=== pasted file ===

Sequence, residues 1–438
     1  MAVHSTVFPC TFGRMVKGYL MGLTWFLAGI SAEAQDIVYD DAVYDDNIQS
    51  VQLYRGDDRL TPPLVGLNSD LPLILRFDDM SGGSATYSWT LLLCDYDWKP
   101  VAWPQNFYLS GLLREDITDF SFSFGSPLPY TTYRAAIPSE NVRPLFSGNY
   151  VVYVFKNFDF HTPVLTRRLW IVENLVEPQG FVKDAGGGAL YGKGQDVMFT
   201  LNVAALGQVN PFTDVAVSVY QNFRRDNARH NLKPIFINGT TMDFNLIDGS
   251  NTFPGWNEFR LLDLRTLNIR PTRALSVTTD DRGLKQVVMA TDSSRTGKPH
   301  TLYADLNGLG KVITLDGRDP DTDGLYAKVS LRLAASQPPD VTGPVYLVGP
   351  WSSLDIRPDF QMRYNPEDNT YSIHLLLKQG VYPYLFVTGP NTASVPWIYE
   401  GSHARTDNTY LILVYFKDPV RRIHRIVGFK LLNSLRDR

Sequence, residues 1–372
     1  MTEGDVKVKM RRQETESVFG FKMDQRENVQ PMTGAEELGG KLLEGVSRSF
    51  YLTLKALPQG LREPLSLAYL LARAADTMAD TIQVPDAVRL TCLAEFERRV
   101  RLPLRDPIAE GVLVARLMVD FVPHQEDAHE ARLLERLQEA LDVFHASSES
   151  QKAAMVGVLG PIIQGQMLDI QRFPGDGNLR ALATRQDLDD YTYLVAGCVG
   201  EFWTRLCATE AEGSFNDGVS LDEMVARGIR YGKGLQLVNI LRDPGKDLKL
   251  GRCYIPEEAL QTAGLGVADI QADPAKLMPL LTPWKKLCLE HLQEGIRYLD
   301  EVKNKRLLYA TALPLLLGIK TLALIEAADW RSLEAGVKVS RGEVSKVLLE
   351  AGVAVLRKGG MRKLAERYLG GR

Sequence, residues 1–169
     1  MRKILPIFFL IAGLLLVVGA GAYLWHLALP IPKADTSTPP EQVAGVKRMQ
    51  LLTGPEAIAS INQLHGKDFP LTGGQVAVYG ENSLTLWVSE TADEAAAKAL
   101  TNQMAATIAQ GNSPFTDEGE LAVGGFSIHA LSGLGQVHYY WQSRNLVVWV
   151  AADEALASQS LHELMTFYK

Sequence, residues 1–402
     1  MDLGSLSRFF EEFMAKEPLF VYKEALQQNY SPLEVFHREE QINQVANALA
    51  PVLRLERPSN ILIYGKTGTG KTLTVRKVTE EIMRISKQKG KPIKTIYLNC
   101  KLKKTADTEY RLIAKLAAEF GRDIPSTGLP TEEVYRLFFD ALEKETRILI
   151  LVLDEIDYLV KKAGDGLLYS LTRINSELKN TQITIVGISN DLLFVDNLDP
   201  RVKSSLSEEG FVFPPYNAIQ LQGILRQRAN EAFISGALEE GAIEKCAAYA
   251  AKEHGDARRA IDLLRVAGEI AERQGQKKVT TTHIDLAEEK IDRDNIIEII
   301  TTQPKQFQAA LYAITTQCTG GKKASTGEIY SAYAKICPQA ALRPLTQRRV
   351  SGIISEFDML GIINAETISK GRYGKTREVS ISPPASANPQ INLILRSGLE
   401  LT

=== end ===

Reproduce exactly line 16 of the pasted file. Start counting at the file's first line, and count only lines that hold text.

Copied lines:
   201  EFWTRLCATE AEGSFNDGVS LDEMVARGIR YGKGLQLVNI LRDPGKDLKL